“Uninformed and Unprotected”: Union Residential Advisors discuss the Campus Quarantine


Stephen Nadler '22

Sunset illuminating the Nott Memorial .

Akriti Dhasmana, co-Editor-in-Chief

On January 17, an email by the COVID-19 Updates account put in place new restrictions on students’ movement on and off campus to curb the spread of COVID-19 within the community. The responsibility of “upholding these guidelines” and “serve as role models”, according to Amanda Iverson, Director of Residential Life, then befell the student residential advisors (RAs) across the several dorms on campus. Concordiensis has since then reached out to them to learn about their experiences. A majority of those interviewed expressed disappointment in the process of release of information, lack in clarity of rules and low pay for their job.  

Confusion and Chaos

According to Iverson, the RAs received notification of the campus quarantine guidelines at the same time as all other community members. Emma Withey ’23 who is an RA in Webster, a first-year dorm, recalls that she was visiting her girlfriend off-campus when she saw the email. “I did not know how to respond to my residents’ questions. We found out about the guidelines just as everyone else did, so we did not know how to implement them or what to say to our residents who had so many questions,” Withey said. 

“There was a huge potential of collaboration [with Residential Life] and much better implementation of rules that was lost,” says Ben Weiss ’23, RA at Davidson, another first-year dorm. “We [RAs] don’t need to decide what the guidelines are but we should at least be given a notice before they are released to the whole campus … It’s like we’re being overlooked as the sole enforcers of those rules [in residential spaces],” he added.

Weiss shared that one of his residents had a job off campus that they relied on for their steady income and they didn’t know what to do since they were supposed to be working after 5 but the campus quarantine was set to go into effect at 5 p.m. “You have this massive email going off, some of the RAs are off campus, some haven’t checked their emails…whatever their case is, ready or not, prepared or not, you have five to ten residents texting asking you to clarify this and specify that and then you reach out to your Residential Director but they only found out thirty minutes before you so nobody knows what to do,” Weiss said.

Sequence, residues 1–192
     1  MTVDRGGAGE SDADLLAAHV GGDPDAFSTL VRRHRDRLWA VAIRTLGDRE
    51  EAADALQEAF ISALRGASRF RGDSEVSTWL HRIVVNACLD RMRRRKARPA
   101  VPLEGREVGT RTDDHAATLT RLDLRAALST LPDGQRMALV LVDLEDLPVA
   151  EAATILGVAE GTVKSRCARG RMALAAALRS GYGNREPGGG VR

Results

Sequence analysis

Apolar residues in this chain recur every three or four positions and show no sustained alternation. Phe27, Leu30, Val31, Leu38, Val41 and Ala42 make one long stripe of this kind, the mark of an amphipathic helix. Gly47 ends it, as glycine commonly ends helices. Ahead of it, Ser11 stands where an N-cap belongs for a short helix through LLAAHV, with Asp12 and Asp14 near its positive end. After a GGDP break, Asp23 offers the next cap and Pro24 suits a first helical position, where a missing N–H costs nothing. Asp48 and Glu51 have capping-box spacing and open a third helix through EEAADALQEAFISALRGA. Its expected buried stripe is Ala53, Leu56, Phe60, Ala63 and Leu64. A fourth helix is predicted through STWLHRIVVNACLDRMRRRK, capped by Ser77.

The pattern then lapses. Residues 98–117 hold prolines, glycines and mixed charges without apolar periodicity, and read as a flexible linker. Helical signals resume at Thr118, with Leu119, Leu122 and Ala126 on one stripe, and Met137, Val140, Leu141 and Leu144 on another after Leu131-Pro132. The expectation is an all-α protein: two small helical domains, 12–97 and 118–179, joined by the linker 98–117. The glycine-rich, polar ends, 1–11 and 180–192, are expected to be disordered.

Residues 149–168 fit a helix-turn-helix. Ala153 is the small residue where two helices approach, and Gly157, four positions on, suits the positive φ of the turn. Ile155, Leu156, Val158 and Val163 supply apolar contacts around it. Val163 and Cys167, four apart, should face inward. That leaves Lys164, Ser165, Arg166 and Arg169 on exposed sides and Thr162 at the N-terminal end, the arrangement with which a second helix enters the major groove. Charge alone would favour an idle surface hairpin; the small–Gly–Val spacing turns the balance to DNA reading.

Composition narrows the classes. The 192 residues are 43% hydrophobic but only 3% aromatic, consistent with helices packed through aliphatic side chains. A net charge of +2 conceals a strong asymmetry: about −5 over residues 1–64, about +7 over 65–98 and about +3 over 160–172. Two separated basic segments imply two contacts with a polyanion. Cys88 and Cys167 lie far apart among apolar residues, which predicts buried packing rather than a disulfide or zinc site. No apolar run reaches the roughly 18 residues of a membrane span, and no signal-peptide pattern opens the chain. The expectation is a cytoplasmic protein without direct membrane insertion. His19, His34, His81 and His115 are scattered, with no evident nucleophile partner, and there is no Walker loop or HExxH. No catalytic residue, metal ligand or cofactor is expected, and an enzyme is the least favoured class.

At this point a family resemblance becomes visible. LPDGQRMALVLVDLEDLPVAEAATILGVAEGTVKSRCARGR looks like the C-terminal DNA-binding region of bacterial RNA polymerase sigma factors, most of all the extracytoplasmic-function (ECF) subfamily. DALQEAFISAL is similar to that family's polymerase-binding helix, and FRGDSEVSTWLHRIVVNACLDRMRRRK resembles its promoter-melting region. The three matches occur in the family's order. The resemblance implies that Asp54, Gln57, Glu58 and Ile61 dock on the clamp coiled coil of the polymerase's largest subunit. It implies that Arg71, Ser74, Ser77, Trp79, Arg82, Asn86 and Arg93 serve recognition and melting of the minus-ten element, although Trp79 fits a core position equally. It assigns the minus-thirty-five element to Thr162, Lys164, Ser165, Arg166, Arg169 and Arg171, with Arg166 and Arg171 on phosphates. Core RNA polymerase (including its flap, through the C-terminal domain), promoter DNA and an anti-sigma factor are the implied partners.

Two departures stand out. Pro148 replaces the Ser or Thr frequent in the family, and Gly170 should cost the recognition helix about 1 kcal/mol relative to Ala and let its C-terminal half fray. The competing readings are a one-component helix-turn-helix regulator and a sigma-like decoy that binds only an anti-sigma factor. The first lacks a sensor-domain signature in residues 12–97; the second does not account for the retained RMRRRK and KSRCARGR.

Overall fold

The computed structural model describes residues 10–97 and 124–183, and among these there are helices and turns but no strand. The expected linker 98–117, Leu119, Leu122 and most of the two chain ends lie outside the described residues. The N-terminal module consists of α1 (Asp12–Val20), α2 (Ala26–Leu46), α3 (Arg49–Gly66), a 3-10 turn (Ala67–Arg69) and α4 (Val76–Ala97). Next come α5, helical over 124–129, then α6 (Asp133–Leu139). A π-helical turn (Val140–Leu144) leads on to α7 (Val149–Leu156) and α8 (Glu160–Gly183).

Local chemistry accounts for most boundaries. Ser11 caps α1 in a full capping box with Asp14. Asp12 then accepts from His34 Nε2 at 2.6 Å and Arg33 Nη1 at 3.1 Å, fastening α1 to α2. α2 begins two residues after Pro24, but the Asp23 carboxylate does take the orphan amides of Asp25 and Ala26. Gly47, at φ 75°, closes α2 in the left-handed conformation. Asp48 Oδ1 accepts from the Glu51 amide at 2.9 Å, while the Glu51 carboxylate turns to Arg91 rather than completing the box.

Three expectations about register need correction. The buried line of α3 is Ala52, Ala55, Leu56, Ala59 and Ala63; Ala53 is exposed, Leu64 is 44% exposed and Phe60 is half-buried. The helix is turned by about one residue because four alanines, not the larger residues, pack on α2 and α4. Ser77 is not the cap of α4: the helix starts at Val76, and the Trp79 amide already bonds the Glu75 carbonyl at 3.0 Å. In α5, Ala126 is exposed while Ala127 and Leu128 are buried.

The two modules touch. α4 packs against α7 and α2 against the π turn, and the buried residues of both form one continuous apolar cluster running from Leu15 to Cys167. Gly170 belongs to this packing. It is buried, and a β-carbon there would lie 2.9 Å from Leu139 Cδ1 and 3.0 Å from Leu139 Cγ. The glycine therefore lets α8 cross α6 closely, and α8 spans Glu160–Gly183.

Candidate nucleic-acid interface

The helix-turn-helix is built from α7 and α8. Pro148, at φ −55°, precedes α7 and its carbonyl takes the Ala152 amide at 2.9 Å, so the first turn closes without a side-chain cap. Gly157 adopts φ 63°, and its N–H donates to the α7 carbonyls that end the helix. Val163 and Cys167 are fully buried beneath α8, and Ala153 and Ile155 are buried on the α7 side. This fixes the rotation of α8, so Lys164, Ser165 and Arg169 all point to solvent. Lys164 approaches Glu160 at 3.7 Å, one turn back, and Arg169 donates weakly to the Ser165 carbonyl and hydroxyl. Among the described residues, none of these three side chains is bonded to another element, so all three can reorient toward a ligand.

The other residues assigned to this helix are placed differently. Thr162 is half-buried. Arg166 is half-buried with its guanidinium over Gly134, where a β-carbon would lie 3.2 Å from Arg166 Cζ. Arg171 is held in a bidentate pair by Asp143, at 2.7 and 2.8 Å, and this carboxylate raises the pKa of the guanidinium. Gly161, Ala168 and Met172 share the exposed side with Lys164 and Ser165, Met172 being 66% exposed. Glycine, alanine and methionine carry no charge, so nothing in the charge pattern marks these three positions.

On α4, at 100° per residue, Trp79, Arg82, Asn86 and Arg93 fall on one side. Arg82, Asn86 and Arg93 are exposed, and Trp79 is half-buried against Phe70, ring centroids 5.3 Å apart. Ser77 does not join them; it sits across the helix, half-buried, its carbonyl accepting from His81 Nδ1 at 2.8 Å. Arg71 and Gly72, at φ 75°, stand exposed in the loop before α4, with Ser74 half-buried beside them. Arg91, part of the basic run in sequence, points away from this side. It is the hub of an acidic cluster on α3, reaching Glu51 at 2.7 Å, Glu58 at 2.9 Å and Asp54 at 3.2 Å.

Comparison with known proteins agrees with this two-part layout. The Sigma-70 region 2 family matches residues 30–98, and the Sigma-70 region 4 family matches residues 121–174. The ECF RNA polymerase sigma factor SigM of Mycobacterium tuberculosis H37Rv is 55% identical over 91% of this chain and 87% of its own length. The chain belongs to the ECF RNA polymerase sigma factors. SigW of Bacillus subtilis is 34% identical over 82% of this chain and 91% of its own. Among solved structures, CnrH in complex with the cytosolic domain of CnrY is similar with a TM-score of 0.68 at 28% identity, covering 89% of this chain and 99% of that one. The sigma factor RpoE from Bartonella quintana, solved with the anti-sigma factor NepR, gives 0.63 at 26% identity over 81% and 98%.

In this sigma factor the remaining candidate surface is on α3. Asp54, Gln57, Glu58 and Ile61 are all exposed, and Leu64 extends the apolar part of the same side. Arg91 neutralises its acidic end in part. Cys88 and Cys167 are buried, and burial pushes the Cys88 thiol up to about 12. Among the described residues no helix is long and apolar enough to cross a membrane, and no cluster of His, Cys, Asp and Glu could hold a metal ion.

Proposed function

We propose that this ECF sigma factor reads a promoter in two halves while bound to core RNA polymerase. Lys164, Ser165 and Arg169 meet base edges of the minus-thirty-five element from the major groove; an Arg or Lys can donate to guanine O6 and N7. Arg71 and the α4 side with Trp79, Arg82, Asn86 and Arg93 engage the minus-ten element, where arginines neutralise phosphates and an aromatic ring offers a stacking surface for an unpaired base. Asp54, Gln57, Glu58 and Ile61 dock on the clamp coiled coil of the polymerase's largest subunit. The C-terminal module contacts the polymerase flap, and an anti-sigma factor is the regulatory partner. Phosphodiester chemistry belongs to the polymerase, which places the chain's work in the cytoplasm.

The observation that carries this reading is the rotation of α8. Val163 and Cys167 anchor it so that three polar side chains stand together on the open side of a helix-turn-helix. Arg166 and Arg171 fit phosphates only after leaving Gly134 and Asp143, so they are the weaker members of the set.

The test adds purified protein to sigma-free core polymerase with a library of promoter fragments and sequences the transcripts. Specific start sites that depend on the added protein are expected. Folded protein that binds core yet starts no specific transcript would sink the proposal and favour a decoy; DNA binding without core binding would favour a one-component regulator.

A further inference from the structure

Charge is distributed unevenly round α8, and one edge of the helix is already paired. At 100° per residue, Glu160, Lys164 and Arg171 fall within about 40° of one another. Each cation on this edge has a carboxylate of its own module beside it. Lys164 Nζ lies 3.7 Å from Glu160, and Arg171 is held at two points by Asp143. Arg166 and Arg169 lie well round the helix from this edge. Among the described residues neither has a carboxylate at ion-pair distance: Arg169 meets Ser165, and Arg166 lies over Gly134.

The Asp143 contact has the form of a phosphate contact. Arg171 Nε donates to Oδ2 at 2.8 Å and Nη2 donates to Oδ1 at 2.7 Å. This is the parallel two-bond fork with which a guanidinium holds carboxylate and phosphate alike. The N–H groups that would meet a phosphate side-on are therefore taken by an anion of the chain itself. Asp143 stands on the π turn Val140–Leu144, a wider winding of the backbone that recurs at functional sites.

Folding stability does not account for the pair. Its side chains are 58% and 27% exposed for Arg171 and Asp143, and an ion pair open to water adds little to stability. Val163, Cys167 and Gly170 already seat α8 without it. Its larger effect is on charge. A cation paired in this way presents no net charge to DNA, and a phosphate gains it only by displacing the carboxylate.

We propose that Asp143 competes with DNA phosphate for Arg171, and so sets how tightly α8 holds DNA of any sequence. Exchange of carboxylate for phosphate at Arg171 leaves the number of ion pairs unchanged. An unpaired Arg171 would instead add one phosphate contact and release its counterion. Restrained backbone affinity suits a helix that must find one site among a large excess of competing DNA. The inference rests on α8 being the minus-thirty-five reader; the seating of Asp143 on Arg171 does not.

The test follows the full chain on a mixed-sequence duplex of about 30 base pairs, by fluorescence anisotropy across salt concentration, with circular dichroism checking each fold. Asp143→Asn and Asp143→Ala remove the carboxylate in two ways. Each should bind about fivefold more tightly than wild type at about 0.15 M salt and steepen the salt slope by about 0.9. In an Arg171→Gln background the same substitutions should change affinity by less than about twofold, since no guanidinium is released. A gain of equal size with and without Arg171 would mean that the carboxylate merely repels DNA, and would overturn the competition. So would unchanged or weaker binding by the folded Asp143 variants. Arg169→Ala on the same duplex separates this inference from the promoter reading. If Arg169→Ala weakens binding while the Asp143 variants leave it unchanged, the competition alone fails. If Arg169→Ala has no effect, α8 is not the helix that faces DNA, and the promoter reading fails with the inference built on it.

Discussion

“I am a student sending another student home” – Ben Weiss ’23

Liana Ralli ’22 who is an RA in West mentioned that it wasn’t until multiple RAs had reached out to their Residential Directors seeking guidance that a meeting to clarify the implementation of the new rules was finally held. Even after the meeting with her Residential Director, Athena Bo ’22, RA at Davidson, reported feeling just as confused as before.  “I don’t know what happens once I file a report against any resident under these new guidelines. I have written people up multiple times and they still haven’t been sent home while I have heard of others who have been switched to a remote status.” Out of the “489 possible COVID-19 policy violations” in Fall 2020, there were “231 findings of responsibility for COVID-19 violations”, according to Iverson. The new rules state that the students will have their mode of instruction immediately changed to remote if they are found violating the campus quarantine policy. As of January 26, there have been 15 violations of the COVID-19 policy since the campus was placed on quarantine on January 17, Iverson told Concordiensis.